Fimo is a brand name of polymer clay, which is available in an assortment of colors that can be mixed together to create new shades. Standard Fimo does not air-dry like a modeling dough; it requires hardening in an oven. If you've never worked with polymer clay before, you may find it surprisingly firm, but it eventually softens from the warmth of your hands as you work with it.
Softening, for Starters
You must soften Fimo clay before you create your project; standard polymer clay is tough like cold taffy and does not mold or flex until warmed and conditioned by hand. Squeeze the Fimo repeatedly, rolling it and manipulating it with your hands until it becomes soft and pliable enough to form into shapes easily. If it becomes too soft, place it in a refrigerator for a few minutes.
You can work Fimo entirely by hand as if you're playing with modeling dough to create just about any object imaginable. If you plan to work with the clay often, a pasta machine helps condition the clay and roll it out into sheets of consistent thickness. The pasta machine also comes in handy for creating layers of color; for instance, a rainbow-colored roll begins with a red snake shape, rolled on the table by hand. Wrap a sheet of orange clay, fresh out of the pasta machine, over the red roll, cutting it to size with a craft knife and rolling it smooth over the red. Continue with subsequent rainbow colors such as yellow, green, blue, indigo and violet. it's important to note, however, that after working with Fimo the pasta machine will no longer be safe for pasta-making.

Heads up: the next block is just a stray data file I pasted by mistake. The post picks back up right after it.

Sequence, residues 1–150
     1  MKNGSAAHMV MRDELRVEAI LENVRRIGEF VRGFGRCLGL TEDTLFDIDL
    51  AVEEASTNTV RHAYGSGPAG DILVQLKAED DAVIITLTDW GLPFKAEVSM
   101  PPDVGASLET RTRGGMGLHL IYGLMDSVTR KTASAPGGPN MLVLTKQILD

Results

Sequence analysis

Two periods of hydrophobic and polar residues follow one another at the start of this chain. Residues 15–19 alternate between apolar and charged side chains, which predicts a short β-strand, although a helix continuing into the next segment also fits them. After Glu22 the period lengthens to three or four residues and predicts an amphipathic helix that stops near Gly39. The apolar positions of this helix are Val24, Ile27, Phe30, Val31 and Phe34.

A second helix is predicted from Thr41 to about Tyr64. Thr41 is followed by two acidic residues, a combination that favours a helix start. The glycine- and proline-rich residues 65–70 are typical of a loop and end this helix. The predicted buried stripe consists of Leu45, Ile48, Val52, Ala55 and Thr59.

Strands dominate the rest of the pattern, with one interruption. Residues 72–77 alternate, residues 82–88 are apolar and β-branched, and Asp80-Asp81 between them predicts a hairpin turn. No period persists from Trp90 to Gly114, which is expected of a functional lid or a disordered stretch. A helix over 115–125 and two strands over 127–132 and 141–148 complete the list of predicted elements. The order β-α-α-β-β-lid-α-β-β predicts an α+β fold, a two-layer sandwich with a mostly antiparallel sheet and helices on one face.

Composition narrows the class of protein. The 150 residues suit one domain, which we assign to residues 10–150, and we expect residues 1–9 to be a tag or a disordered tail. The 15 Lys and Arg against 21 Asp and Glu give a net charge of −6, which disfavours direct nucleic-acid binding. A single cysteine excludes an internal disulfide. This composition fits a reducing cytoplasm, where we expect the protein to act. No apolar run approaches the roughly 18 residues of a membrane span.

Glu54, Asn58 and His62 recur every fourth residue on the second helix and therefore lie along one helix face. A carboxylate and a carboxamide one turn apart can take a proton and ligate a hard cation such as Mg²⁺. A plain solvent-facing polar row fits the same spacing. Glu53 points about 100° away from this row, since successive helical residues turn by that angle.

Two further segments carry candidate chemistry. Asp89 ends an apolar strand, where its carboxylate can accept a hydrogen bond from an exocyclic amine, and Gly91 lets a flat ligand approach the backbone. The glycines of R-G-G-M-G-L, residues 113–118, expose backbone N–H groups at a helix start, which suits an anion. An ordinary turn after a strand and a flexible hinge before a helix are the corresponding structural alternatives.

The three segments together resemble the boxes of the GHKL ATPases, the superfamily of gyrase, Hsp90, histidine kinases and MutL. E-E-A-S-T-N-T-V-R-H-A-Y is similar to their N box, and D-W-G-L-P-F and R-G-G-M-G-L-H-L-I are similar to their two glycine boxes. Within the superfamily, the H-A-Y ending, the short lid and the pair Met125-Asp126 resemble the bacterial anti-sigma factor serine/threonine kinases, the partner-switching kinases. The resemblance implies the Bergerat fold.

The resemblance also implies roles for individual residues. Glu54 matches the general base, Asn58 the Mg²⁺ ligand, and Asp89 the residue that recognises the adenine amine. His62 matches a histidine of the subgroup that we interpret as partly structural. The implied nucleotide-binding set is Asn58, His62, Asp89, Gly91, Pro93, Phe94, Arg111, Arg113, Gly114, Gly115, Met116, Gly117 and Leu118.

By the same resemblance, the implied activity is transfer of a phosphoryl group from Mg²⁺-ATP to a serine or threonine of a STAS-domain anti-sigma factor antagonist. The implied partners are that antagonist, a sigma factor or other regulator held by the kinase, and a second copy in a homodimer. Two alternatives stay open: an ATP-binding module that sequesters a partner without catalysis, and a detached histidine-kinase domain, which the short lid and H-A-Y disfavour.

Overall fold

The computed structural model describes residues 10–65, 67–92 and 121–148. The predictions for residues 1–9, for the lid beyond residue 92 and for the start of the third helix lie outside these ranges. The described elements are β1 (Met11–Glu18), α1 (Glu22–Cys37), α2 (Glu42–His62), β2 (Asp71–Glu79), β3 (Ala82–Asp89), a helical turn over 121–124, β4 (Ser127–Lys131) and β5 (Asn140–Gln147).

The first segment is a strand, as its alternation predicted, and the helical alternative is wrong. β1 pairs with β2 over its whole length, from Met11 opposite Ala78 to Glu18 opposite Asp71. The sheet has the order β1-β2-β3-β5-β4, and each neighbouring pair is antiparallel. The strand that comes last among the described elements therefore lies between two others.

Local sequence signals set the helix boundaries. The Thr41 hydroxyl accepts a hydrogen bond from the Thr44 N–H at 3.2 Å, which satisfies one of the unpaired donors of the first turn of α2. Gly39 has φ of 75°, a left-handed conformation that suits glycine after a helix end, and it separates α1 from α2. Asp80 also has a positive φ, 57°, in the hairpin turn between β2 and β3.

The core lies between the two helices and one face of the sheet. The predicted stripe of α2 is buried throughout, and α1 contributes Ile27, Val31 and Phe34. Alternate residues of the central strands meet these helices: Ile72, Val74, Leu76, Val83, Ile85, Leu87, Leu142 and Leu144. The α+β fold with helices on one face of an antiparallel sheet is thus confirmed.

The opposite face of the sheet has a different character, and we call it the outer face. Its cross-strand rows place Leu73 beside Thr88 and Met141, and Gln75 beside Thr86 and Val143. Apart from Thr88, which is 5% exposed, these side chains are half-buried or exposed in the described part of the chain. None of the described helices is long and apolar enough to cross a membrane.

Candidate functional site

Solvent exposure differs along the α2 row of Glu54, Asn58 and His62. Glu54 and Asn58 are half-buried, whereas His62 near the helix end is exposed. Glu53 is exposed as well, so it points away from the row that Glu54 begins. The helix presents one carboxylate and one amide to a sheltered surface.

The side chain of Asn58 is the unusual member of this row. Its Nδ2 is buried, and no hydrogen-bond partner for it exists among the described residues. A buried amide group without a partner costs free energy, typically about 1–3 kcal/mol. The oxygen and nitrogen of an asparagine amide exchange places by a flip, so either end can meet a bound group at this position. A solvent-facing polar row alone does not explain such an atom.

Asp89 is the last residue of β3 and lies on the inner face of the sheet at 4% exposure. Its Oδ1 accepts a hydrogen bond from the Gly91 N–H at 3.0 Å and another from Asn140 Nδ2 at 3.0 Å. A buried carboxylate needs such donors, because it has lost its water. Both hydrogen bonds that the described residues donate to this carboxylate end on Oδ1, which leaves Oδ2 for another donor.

Other Tools of the Trade
A craft knife or a clay slicer allows you to cut your creations, such as colorful layered rolls, into slices of any thickness. Slicing through layered rolls or stacked clay colors is the key to creating a series of identical beads or colorful shapes. Clay forms similar to cookie cutters are a simple solution to creating specific shapes. Craft stamps may also be used on softened Fimo clay.
The Hardening Process
Most Fimo clay -- except a special air-drying variety -- stays pliable unless it is baked. Fimo instructions call for baking the classic clay at 235 degrees Fahrenheit for 30 minutes for every 1/4 inch of clay thickness; therefore, if the project is 1/2-inch thick, it takes about an hour to bake. Check the Fimo package instructions for recommended baking temperatures, as the company offers several clay varieties and sometimes changes the clay formulation, which may result in a different baking requirement. Bake flat pieces between two ceramic tiles to keep the project from warping. Rest non-flat creations on a ceramic tile or cooking stone to bake. Do not use the stone, or any utensils used for clay, on food after using them for clay projects.
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